Before becoming a real estate agent seven years ago, Arsenault worked in the non-profit sector for 25 years at the New Bedford Chamber of Commerce and then another 10 for downtown New Bedford Inc.

“Then, you know, you get to the stage in your life where you just want to do something different. And I’ve always loved dealing with people,” she said.

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Arsenault said New Bedford is the newest hotspot for buyers because the town has the “ingredients people want” when they live in an urban setting.

“There are also pockets further from the center which give you a bit more of a rural feel. You’re close to everything,” she said, adding that people can get a lot more house for their money. in New Bedford too.

“The only ones that really seem to be sitting in the market are repairers,” she said. “Houses that are pretty much ‘move-in-ready’ or just need to be freshened up with a coat of paint, they go very quickly.”

Estate agent, Diane Arsenault, shows some of the documentation gathered to assist in the sale of the property on Harbor Acres Lane in Mattapoisett which she has just sold.

Arsenault, who sold her highest number of homes to date last year, said she would drop a listing on a Wednesday and have offers in hand by Saturday night.

“People come to an open house, and they’re like, ‘I’ve got my offer ready to go,’ and the next day they were asking for the best and the latest,” she said.

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Last year, Arsenault and her husband downsized their home from Marion to a condo in Mattapoisett. “We kind of have this experience that I can talk about so well,” she said.

“If you can make the investment, do it,” she said. “But be ready to roll.”

Navigate the competition

When it comes to buying a home, there are no rules and it’s mostly a matter of luck. At the start of the wave, potential buyers would go so far as to write “love letters” to emotionally convince their sellers to choose them – a practice now specifically prohibited on most listings.

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“People waive inspections or pay the asking price,” Power said.

“If the property is not priced for what a buyer is willing to pay, some people have found the money to make up that difference – sometimes they pay more than the house is worth.”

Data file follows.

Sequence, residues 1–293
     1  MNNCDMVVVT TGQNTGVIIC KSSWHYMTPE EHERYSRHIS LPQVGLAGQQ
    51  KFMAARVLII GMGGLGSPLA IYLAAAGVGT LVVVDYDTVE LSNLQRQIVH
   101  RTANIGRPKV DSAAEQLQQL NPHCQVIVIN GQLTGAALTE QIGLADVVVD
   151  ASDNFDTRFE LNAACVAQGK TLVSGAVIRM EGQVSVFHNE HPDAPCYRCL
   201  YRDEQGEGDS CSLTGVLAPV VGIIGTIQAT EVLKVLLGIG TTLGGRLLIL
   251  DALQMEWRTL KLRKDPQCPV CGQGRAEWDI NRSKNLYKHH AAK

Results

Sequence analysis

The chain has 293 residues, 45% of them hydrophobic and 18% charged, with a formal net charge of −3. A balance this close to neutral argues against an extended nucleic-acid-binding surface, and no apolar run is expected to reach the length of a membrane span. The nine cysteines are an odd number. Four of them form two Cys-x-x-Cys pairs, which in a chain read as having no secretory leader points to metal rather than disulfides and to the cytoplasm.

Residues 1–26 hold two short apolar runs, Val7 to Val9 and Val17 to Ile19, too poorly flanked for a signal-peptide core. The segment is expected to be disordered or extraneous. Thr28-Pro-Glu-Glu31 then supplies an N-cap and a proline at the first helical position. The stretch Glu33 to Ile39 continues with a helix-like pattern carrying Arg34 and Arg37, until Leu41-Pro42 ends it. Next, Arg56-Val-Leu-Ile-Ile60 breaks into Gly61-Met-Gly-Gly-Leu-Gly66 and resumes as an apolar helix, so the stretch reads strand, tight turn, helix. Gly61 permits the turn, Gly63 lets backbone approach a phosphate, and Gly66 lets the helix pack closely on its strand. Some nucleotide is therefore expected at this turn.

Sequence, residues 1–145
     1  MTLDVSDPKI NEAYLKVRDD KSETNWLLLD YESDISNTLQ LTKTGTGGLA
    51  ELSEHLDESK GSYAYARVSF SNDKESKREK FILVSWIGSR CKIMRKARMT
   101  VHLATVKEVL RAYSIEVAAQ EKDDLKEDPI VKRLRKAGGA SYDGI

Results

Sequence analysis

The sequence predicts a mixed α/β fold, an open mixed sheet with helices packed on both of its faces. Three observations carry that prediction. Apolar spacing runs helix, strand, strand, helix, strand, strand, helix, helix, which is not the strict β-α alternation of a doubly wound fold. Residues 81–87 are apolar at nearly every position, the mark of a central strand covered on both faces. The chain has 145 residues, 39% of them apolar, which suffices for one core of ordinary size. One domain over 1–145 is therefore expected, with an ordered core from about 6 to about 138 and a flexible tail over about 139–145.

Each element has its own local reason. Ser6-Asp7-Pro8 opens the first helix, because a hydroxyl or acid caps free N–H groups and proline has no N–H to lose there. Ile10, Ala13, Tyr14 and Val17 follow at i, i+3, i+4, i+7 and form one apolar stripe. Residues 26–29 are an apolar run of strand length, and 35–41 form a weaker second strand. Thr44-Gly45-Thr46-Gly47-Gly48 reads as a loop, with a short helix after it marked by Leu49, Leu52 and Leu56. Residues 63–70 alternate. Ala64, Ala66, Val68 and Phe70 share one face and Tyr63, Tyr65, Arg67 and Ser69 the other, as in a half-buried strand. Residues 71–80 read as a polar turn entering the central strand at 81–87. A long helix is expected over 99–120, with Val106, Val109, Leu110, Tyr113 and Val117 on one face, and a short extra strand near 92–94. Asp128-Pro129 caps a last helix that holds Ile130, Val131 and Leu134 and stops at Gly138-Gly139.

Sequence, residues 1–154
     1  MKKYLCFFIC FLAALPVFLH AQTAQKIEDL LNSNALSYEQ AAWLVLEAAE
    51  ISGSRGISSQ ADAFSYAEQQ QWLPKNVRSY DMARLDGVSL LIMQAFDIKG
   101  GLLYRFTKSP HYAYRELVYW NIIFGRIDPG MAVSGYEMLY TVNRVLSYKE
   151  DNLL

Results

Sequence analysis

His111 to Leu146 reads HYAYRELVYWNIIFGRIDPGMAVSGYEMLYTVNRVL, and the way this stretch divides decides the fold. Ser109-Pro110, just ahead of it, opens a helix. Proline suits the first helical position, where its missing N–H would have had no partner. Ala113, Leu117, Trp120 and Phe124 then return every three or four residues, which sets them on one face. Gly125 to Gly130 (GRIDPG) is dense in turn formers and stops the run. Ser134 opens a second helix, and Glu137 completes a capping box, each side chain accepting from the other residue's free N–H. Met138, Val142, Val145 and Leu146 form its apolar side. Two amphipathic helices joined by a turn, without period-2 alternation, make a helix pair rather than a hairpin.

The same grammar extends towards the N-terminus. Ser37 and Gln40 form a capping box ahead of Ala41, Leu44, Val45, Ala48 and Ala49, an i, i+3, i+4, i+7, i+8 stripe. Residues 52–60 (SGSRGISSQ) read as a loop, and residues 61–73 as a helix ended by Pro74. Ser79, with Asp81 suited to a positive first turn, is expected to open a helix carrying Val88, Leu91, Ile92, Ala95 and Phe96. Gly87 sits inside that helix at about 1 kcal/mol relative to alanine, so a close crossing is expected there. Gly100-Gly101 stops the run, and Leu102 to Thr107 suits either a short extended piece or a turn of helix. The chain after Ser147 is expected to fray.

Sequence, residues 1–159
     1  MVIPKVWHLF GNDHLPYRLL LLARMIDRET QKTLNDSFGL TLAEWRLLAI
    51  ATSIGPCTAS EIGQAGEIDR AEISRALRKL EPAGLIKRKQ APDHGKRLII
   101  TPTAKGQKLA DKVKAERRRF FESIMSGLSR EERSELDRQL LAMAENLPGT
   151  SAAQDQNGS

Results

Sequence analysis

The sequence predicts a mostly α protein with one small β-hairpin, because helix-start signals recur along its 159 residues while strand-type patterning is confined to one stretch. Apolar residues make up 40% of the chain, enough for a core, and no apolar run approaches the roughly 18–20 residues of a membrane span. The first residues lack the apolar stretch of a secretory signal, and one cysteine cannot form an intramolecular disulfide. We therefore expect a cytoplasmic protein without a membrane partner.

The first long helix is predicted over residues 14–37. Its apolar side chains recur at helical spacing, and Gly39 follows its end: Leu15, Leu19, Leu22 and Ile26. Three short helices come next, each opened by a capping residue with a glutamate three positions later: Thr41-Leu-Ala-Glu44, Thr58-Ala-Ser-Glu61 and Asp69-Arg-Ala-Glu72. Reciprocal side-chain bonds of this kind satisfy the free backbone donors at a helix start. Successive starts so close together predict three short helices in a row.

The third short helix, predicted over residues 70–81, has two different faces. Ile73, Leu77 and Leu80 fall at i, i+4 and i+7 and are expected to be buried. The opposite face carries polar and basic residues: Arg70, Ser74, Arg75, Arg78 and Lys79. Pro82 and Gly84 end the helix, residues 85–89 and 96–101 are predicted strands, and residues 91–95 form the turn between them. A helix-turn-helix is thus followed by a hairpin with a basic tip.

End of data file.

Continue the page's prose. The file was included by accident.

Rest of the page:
Jackson says he thinks most agents tend to price homes attractively and then hold an open house knowing they’ll have a group of buyers at the door.

“This large number of buyers at the open house makes everyone realize that they are going to have a lot of competition, which leads them to immediately put their highest and best offer,” he said. he declares.

He says agents will also put an expiration date for when offers are due, creating a sense of urgency. “People realize they only have one chance to submit a bid and they will have to have the highest bid out of everyone who attended the open house,” he said. .

Instead, Jackson suggests looking for homes that have been on the market for a little while and then potentially offer less than you’re asking.

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Power, which completed 18 deals in 2021, tells its prospective buyers never to be discouraged.

Silva Reality's Sharon Power.

“You can get a house if you persist,” she said. “It might not be what you want, but you don’t have to settle… It might take a bit of heartbreak to get outbid, but I think people will eventually get a house. “

Power will be the first to admit that she doesn’t have a “crystal ball” to predict what will happen next week. “I think prices are going to stay up there, but interest rates are also going up. In my opinion, hopefully that will calm things down a bit,” she added.

She says her best advice is for people to find a good buyer’s agent, a good lender, and let them help you through the chaos of the real estate market.

“If it’s meant to be, it’s meant to be.”

Standard-Times editor Seth Chitwood can be reached at [email protected] Follow him on Twitter: @ChitwoodReports. Support local journalism by purchasing a digital or print subscription to The Standard-Times today.